Local, state government respond to coronavirus crisis
Sunday at 3 p.m., Mayor Martin Walsh held a press conference announcing restrictions on public gatherings and restricting bars and restaurants to operate at 50 percent capacity. But at 6 p.m., Gov. Charlie Baker issued an even more dire set of restrictions, ordering all restaurants and bars closed and banning public gatherings of more than 25 people.
Monday, Walsh declared a public health emergency in the city, after already announcing that Boston Public Schools would be closed from Tuesday through April 27. Schools remained open on Monday, mainly for students who needed to retrieve medications, musical instruments or necessary items from their lockers. As of Tuesday, free breakfast and lunch and homework packets were being offered to BPS students at school buildings and community centers across the city. Chromebook laptops are to be made available to any student who needs one, and families who have not yet received one will be notified shortly by email how to pick up a Chromebook.
As new information about the spread of the novel coronavirus in the United States and around the world sinks in, policymakers at the federal, state and local levels have responded unevenly and sometimes contradictorily. After several days of insisting schools would remain open, Walsh on Friday announced they would be closed Tuesday, following a handful of other Massachusetts districts. Baker also announced Sunday evening that all schools in Massachusetts would be closed until April 6, this after every last school district had arrived by themselves at the decision to close down.
On Monday, the MBTA announced it would reduce service to a weekend schedule. By then, ridership had already declined sharply. Also Monday, Walsh issued an order, backed by labor leaders, closing down construction sites in Boston. Many grocery and other retail stores remain open. Some restaurants remain open for takeout and delivery options only.
The rapidly-evolving bans and restrictions reflect a growing realization among policymakers of the extreme gravity of the coronavirus global pandemic. By Monday afternoon, there were 197 confirmed cases in Massachusetts of COVID-19, the disease caused by the virus — more than half of those stemming from a conference held in Boston by the firm Biogen the last week in February.
The differing policy prescriptions underscored an apparent lack of communication between the Walsh and Baker administrations, both of which appear scrambling to respond to the pandemic and its implications for business, education and civic life in Boston and across the state.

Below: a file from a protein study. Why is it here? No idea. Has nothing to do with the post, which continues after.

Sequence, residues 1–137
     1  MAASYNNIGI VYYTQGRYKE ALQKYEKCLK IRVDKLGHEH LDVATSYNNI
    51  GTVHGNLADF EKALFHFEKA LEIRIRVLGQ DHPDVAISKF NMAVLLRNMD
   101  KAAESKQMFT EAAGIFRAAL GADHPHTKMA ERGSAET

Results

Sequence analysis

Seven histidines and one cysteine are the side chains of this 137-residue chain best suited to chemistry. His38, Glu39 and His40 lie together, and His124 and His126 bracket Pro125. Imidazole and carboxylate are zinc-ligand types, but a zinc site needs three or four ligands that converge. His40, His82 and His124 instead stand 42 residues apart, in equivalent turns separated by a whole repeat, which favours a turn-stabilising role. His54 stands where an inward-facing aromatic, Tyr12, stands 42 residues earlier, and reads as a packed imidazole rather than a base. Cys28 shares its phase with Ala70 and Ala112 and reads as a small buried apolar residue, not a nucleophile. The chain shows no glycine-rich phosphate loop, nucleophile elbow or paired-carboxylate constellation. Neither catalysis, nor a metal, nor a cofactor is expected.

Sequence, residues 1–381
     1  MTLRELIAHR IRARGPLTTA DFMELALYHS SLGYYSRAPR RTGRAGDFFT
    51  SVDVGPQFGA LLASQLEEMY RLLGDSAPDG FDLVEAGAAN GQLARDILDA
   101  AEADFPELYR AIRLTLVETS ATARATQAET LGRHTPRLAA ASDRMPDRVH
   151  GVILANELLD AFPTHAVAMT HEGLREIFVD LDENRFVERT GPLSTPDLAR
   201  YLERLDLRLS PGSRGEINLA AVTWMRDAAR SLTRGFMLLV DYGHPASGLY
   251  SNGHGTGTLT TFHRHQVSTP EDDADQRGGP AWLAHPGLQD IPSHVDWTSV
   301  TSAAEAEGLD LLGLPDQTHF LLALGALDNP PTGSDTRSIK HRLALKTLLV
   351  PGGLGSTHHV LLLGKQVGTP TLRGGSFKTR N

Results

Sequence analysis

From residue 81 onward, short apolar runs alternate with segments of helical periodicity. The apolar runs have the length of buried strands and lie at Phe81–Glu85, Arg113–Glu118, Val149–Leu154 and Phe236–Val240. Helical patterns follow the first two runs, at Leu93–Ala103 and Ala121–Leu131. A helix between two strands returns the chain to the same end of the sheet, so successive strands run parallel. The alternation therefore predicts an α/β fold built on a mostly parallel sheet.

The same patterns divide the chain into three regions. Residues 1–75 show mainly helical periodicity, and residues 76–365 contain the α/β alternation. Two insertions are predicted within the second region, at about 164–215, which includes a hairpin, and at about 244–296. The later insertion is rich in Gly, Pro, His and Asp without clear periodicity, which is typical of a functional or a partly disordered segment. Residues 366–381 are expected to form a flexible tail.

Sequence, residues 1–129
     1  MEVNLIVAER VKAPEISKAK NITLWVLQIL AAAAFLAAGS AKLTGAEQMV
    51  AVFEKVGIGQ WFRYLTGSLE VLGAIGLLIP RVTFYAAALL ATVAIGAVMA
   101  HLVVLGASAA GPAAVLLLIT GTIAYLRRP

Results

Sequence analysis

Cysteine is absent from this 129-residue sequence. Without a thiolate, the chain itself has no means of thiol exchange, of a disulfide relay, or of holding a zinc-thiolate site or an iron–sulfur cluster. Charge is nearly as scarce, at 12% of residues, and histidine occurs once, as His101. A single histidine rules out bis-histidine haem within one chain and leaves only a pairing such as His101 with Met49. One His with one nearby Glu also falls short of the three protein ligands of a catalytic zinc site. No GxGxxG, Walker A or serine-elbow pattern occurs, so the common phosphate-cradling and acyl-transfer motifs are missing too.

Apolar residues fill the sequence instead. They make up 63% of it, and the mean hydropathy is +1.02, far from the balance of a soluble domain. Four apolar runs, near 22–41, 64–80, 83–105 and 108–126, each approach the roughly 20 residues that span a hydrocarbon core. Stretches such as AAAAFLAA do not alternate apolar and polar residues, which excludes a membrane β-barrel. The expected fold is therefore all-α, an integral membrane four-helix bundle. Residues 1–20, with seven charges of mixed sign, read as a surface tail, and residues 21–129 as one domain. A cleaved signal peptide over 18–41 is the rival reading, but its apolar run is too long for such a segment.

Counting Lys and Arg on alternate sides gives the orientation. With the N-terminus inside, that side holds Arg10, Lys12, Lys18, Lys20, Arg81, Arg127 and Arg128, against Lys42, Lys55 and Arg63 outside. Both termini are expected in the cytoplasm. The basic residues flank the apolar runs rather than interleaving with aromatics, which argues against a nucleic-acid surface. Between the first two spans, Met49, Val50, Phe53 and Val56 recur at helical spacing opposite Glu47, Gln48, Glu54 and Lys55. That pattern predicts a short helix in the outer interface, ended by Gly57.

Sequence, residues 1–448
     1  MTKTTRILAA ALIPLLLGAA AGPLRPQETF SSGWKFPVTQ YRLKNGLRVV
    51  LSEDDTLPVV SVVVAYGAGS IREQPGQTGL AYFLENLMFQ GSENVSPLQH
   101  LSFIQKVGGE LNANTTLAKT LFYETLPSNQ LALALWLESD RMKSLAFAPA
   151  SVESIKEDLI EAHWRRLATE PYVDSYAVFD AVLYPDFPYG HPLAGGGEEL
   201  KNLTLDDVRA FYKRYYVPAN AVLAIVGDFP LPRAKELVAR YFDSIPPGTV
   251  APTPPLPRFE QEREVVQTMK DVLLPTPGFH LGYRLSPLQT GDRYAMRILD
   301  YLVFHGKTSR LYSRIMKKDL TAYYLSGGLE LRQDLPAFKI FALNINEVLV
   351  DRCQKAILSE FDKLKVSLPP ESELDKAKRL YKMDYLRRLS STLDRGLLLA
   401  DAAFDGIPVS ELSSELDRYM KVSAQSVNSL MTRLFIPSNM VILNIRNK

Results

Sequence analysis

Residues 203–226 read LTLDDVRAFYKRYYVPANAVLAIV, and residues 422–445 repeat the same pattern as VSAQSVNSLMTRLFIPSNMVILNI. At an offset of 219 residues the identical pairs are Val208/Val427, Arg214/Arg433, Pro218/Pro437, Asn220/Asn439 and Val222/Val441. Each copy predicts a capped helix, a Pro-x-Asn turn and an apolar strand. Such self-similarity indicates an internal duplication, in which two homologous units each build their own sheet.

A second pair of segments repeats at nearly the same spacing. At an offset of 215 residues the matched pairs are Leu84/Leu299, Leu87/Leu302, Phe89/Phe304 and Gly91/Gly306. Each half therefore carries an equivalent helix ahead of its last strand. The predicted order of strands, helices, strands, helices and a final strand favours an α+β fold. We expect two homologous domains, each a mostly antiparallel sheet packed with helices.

The response of city, state and national leaders can go a long way toward determining whether the number of cases rises quickly and overwhelms the health care system, as happened in Italy, and leads to more deaths from lack of medical care, or whether cases rise more slowly, allowing hospitals to marshal their resources more effectively.
As Walsh underscored in his Monday address, the cooperation of city residents can also potentially slow the spread of the coronavirus. The term “social distancing,” which describes behaviors such as avoiding touching or standing in close proximity to other people, has gained traction with public health officials and political leaders.
“The bottom line is, social distancing works,” Walsh said in a video address Sunday. “It is backed by science and data. What we do in our city over the next two weeks will have a big impact. It will save lives.”
In another dramatic turn, the Trump administration pivoted from the president’s cavalier dismissal of the virus early last week to recommendations Monday that Americans avoid gatherings of more than 10 people, work from home, refrain from eating in restaurants and avoid unnecessary shopping trips. That response stood in stark contrast to Trump’s Sunday claim that the administration had “tremendous control” of the outbreak. When the World Health Organization in January made available the first test for COVID-19 infection, the Trump administration inexplicably declined the test, insisting that the U.S. Centers for Disease Control and Prevention develop its own test, leading to a lengthy process that contributed to a continuing shortage of test kits in the U.S.
The U.S. has tested 38,000 people for the virus in total since January. In contrast, South Korea, which has less than one-sixth the U.S. population, has been testing nearly 20,000 people a day.
Locally, the lack of testing has added to the uncertainty about the extent of the spread of the disease in Massachusetts. The 197 COVID-19 cases recorded as of Monday were among 1,300 people who had been tested for the illness.
To help readers better understand the coronavirus public health crisis, the Banner will provide periodic updates and information on what resources are availa